Haley’s Missile Stunt ‘Incredible Distraction’ From US, Saudi Horrors in Yemen
On Thursday, US ambassador to the United Nations Nikki Haley announced that the Trump administration had proof that Iran violated UN resolutions by exporting military-grade weapons to Houthi rebels in Yemen.

14 December, 2017


"The weapons might as well have ‘Made in Iran' stickers on them," Haley said at a press conference at Joint Base Anacostia-Bolling. "Its ballistic missiles and advanced weapons are turning up in war zones across the region."

The missile at the heart of the announcement was one fired in November, allegedly by Houthi rebels in Yemen, toward Riyadh airport. Saudi Arabia has been at war with the Houthis in Yemen since 2015.
According to Haley, Iran was the supplier of the missile; Not everyone, however, is onboard.

Speaking to Radio Sputnik's Loud & Clear, Medea Benjamin, co-founder of CODEPINK, called the move by Haley "disgusting."

"The US is selling weapons to Saudi Arabia that it [in turn] uses everyday to bomb civilians and kill so many people [in Yemen]," Benjamin said. "And then she has the gall to take this this one fragment of the missile and talk as if this is something totally out of the blue? Of course the Yemenis are going to be trying to get back at the Saudis."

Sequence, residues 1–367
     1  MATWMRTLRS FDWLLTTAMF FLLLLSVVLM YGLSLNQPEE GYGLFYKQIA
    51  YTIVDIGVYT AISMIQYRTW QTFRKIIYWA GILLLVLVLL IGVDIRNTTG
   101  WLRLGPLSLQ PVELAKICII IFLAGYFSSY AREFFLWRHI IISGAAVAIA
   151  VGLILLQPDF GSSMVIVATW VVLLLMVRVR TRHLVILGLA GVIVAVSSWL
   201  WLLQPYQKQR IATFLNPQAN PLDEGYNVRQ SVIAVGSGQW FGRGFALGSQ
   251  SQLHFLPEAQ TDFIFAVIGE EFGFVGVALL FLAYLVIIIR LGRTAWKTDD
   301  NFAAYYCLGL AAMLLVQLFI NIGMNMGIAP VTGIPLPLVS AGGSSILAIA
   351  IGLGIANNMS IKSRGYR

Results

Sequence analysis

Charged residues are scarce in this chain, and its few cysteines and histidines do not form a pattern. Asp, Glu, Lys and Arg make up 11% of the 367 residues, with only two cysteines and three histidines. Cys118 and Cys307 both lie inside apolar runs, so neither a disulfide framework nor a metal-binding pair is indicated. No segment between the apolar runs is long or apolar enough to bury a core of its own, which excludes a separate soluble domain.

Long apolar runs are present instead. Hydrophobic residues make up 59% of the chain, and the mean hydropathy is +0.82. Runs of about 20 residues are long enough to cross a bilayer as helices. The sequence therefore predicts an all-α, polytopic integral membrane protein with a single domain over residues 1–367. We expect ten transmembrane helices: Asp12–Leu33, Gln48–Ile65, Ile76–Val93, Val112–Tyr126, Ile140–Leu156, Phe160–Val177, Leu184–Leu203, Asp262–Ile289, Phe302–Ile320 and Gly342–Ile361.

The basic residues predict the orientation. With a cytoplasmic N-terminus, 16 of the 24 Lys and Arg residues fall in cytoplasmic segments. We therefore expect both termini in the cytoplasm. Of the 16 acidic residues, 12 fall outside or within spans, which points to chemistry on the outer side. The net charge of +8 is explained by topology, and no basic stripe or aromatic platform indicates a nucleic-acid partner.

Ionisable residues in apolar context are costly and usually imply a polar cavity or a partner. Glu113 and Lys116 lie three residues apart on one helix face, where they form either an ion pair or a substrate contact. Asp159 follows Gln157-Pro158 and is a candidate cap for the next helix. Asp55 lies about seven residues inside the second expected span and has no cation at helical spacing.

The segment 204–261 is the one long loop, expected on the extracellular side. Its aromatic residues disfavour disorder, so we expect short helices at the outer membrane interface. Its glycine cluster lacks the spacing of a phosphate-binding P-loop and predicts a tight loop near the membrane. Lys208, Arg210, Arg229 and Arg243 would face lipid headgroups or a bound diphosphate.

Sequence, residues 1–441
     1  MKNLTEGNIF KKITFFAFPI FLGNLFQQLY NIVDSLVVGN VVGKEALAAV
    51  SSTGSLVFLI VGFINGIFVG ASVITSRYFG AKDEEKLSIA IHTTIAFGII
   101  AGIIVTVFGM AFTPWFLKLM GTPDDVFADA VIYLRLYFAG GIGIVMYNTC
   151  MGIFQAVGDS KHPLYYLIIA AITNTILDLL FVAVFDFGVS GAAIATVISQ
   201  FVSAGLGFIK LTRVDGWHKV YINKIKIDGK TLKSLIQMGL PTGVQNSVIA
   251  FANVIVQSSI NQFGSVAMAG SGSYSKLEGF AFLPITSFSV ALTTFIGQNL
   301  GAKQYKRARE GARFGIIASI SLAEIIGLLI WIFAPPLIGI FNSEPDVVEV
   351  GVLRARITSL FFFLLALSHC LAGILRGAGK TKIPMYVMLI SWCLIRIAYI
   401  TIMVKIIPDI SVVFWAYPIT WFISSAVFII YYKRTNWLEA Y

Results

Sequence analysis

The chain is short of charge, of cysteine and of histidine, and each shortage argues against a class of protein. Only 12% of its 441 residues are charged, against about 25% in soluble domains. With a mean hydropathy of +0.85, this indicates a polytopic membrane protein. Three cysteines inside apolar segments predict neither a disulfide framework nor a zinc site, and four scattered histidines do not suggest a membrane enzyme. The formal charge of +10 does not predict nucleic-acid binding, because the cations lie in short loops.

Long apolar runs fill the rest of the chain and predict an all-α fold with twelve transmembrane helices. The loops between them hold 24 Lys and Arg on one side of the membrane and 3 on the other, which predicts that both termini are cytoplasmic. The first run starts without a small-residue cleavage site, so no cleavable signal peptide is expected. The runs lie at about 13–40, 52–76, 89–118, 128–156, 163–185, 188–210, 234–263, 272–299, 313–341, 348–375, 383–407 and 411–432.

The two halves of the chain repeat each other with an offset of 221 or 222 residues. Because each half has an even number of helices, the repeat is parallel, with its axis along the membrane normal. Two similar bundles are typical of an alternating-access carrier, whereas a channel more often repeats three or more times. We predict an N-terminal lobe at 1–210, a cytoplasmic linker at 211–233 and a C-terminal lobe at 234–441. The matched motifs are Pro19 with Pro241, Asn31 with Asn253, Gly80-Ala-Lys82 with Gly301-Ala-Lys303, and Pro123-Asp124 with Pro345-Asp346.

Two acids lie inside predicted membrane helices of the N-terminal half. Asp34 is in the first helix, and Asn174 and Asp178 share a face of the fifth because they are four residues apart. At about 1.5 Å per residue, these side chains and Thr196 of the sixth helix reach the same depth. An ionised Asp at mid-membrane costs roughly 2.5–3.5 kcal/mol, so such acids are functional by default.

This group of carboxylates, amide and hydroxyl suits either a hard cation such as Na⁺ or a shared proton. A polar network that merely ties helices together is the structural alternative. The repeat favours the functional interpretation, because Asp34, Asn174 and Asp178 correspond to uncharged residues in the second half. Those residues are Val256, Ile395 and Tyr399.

"It's absolutely absurd that she's taking this one incident and trying to act like this is an act of war… there has been a war going on since March 2015 with Saudi Arabia being the active participant in the intervention of a country it has no business in," Benjamin added.
Rather than standing next to a missile, fellow guest Kathy Kelly, co-coordinator of Voices for Creative Non-Violence, suggested Haley should instead "go and stand in front of one of the four [combat littoral ships] that the US sold to the Saudis that's blockading the ports and preventing desperately needed food and medicine from getting into [Yemen]."
Yemenis receive food rations provided by a local charity, in Sanaa, Yemen, Thursday, April, 13, 2017.

"People in Yemen are a step away from starvation… a population of 8 million people could starve to death if the humanitarian supplies don't come in," she dded.


As health officials struggle to help thousands of affected Yemenis stricken by the diseases that so often accompany conflict, among them a massive growing cholera epidemic and widespread diphtheria, Benjamin says the move by Haley, and by extension the Trump administration, is simply a distraction.
"It is an incredible distraction," says Benjamin. "To try to turn this around with one missile attack that did not hit anybody, didn't hurt anybody, and to pretend that this is now a new phase in this war, is a total distraction."
For Benjamin and Kelly, the world is likely to see the starvation of millions of Yemenis as the Trump administration tries to create anti-Iran sentiment among Tehran's neighbors and within the US. The US' ultimate goal, adds Benjamin, is regime change in Iran, though she thinks that's likely not an option.